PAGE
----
Another important issue relating to family businesses is succession - determining who will take over leadership and/or ownership of the company when the current generation retires or dies. Bowman-Upton recommends that families take steps to prepare for succession long before the need arises. A family retreat, or a meeting on neutral ground assisted by a qualified Facilitator, can be an ideal setting to open discussions on family goals and future plans, the timing of expected transitions, and the preparation of the current generation for stepping down and the future generation for taking over. When succession is postponed, older relatives who remain involved in the family firm may develop a preference for maintaining the status quo. These people may resist change and refuse to take risks, even though such an attitude can inhibit business growth. The business leaders should take steps to gradually remove these relatives from the daily operations of the firm, including encouraging them to become involved in outside activities, arranging for them to sell some of their stock or convert it to preferred shares, or possibly restructuring the company to dilute their influence.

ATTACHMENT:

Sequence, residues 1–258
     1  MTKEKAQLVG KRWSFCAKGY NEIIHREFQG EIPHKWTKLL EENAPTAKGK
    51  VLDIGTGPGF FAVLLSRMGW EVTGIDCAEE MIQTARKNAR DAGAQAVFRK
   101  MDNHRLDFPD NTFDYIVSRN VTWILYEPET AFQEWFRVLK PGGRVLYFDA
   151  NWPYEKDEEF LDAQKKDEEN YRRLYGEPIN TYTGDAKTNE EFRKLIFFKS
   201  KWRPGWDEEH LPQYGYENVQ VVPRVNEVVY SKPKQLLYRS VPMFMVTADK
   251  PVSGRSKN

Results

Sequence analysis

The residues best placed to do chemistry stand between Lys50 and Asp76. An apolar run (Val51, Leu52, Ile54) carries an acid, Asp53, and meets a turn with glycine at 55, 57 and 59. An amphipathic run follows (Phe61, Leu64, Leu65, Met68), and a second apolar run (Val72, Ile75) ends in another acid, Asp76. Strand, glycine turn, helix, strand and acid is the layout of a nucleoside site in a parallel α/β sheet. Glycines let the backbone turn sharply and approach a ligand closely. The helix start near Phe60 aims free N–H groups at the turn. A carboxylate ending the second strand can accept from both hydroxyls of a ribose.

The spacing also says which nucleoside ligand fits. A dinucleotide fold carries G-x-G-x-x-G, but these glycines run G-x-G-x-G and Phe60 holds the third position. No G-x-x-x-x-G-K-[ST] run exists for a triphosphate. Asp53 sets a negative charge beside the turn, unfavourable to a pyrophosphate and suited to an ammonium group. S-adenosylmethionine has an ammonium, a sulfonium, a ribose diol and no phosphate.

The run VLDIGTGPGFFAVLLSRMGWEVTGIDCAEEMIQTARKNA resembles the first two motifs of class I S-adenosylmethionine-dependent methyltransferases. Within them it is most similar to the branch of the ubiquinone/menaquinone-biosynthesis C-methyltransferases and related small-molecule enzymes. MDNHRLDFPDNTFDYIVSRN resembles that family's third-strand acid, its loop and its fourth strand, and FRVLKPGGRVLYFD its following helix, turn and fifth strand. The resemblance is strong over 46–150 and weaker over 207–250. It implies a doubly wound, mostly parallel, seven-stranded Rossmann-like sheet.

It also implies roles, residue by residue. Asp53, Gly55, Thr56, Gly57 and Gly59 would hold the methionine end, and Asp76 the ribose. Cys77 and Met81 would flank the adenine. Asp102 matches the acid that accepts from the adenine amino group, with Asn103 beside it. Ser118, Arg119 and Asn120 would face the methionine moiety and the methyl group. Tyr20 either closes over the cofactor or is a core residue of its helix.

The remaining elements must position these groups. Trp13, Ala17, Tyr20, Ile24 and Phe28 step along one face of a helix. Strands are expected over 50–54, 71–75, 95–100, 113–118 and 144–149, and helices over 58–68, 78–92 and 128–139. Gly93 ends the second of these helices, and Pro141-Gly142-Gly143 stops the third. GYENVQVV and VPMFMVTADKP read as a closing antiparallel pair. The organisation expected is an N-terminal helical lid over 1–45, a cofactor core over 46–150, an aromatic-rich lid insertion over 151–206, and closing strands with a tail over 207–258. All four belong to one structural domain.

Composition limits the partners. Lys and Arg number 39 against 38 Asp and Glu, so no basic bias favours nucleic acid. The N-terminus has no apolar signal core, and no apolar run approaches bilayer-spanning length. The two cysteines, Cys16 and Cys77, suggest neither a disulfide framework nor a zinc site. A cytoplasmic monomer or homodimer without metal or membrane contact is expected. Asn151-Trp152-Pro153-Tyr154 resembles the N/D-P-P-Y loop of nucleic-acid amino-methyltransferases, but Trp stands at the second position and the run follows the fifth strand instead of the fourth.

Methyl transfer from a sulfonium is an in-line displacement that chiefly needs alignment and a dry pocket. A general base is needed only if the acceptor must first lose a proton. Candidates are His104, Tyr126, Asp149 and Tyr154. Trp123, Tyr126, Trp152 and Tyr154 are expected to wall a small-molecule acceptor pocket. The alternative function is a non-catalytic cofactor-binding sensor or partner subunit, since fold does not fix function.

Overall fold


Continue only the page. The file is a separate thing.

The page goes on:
With the knowledge that the cost of conflict in business can be prodigious it is imperative that conflict be firstly prevented, and if and when conflict occurs that it be dealt with as quickly and effectively as possible before family and business relationships become strained. In our experience, litigation between family members involved in a family business should be an absolute last resort – especially if privacy is an issue, or if the negative publicity could impact a company’s operations or profits. Apart from the heavy cost of legal representation to consider, litigation amongst prominent members of local communities is often reported on, throwing a whole extra level of stresses on private matters – and highlighting family business affairs in the public arena.
Re:Solve Mediation can assist family business members to communicate effectively, to develop optimal relationship skills, and to resolve conflicts swiftly. Having family members communicate effectively, and resolve conflicts efficiently lays the foundation for creating and maintaining a successful family business now, and for the future.